Attacks in Moscow: 1996—2011

Timeline of bombings and attacks in the Moscow area between 1996 and 2011.

More than 654 people killed in attacks over 15 years

A wounded blast victim is moved on a stretcher at Domodedovo airport in Moscow on Jan. 24, 2011. A suicide bomber set off an explosion that ripped through the Russian capital's busiest airport, killing at least 36 people. (Ivan Sekretarev/Associated Press)

More than 654 people have been killed in Moscow bombings and other attacks over the past 15 years. Here's a timeline, beginning with the Jan. 24, 2011, explosion at Domodedovo airport.

Jan. 24, 2011  Bombing, Domodedovo airport international arrivals hall: at least 36 people killed; around 180 injured. Two weeks later Chechen warlord Doku Umarov said he ordered the attack.

March 29, 2010 — Double suicide bombings, Moscow subway, during rush hour: 40 killed; more than 100 injured. Umarov claimed responsibility for the attack.

Nov. 27, 2009  Bombing, high-speed Moscow-to-St.Petersburg train (the Nevsky Express): 26 dead; 100 injured. 700 people were on the train.  Umarov's group said he ordered this attack.

Investigators and rescue workers examine the train cars damaged in the Nov. 27, 2009, bombing of the Nevsky Express en route from Moscow to St. Petersburg. (Ivan Sekretarev/Associated Press)

Aug. 13, 2007  Bombing, the Nevsky Express: 60 injured.

Aug. 31, 2004 Suicide bomber blows herself up outside Rizhskaya subway station: 10 killed; 50 injured. The Islambuli brigades, an Islamist extremist group, claimed responsibility.

Aug. 24, 2004  Two female suicide bombers blow themselves up aboard two Russian Tupolev jets that took off from Domodedovo airport: 90 killed.

Feb. 6, 2004 Suicide bomber, Moscow subway train, rush hour: 41 killed; 134 injured.

Dec. 9, 2003 Two female suicide bombers, National hotel. 6 killed; 13 injured. Officials said one of the bombs detonated prematurely.

July 5, 2003  Two female suicide bombers, open-air rock music festival, Tushino airfield:  16 killed; 60 injured.

A Russian special forces officer carries a body out of a Moscow theatre where about 850 hostages were held by Chechen rebels on Oct. 26, 2002, as unidentified bodies lie in the foreground. Special forces troops stormed the theatre, killing the rebels and 129 of the hostages. (Dmitry Lovetsky/Associated Press)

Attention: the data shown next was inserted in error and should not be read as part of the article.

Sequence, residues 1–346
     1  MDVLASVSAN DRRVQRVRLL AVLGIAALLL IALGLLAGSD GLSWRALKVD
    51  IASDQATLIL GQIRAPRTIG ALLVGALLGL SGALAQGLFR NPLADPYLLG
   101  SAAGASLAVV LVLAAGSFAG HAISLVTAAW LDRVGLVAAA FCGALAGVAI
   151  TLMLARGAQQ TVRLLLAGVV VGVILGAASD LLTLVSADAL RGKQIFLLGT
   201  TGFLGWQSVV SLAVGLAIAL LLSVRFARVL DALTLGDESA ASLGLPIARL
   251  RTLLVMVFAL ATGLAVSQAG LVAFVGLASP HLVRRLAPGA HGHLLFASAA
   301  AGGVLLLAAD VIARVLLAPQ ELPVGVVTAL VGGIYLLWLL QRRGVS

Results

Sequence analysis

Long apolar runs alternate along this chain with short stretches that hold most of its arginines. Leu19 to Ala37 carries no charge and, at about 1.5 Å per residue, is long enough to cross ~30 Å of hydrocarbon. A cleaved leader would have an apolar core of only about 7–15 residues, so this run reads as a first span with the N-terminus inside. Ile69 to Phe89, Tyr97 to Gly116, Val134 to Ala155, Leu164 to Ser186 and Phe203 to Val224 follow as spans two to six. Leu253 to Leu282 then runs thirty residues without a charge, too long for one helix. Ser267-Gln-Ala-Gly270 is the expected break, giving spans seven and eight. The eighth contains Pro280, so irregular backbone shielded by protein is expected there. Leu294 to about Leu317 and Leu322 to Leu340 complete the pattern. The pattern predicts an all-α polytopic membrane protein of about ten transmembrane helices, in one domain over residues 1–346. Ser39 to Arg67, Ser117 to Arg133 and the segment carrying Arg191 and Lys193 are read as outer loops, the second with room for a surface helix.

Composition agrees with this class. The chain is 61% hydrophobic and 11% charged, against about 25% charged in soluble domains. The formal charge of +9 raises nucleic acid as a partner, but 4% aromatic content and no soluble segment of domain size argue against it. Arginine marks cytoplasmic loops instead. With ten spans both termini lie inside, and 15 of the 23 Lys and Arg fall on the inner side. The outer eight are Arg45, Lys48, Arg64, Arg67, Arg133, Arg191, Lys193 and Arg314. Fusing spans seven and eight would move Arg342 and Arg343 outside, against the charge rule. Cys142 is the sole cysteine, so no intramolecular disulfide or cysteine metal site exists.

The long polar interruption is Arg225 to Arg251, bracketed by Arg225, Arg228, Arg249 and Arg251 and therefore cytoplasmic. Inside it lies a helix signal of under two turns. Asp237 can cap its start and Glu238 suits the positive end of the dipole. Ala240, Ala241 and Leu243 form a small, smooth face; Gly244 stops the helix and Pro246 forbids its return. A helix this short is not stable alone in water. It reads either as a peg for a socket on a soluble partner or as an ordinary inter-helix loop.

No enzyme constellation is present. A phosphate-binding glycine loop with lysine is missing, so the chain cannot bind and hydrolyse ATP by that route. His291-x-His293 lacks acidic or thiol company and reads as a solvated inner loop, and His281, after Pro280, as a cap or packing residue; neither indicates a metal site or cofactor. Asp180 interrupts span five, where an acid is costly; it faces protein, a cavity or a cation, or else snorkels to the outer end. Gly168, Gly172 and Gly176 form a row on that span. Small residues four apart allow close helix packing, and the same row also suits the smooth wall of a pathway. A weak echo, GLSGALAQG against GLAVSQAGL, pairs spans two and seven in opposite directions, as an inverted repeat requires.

Oct. 23-26, 2002 — Hostage-taking, Dubrovka theatre during a performance of Nord-Ost. Chechen rebels took about 850 people hostage. After two days, Russian special forces stormed the theatre: 129 hostages and 41 Chechen fighters were killed, mostly from the effects of a narcotic gas Russian forces used to incapacitate the rebels.

Feb. 5, 2001 Bombing, Moscow subway, Belorusskaya station: 20 injured.

Aug. 8, 2000 — Bombing, pedestrian tunnel leading to Tverskaya metro station: 13 killed; 90 injured.

Sept. 13, 1999 — Bombing, eight-storey apartment building: 119 killed; 200 injured.

Rescuers and firefighters work at the site of a massive explosion that destroyed a nine-storey apartment building in the southeastern part of Moscow on Sept. 9, 1999. (Sekretarev/Associated Press)

Sept. 9, 1999 — Bombing, nine-storey apartment building: 94 killed; 249 injured. The Russian government blamed Chechen rebels for the Sept. 9 and Sept. 13 attacks, as well as for bombings at two other apartment buildings elswhere in Russia. Others said the government orchestrated the bombings as a pretext for reigniting the war in Chechnya.  Russian troops were ordered back to Chechnya at the end of the month.

Aug. 31, 1999 — Bombing, underground Manezh shopping centre, close to the Kremlin: 1 killed; 40 injured.

April 26, 1999 — Bombing, Intourist hotel overlooking Red Square: at least 11 injured.

Jan. 1, 1998 — Bombing, Moscow subway, Tretyakovskaya station. three injured. No one claimed responsibility.

June 11, 1996 — Bombing, Moscow subway, Serpukhovskaya line: four killed; 12 injured. Officials blamed Chechen separatists, but no one claimed responsibility.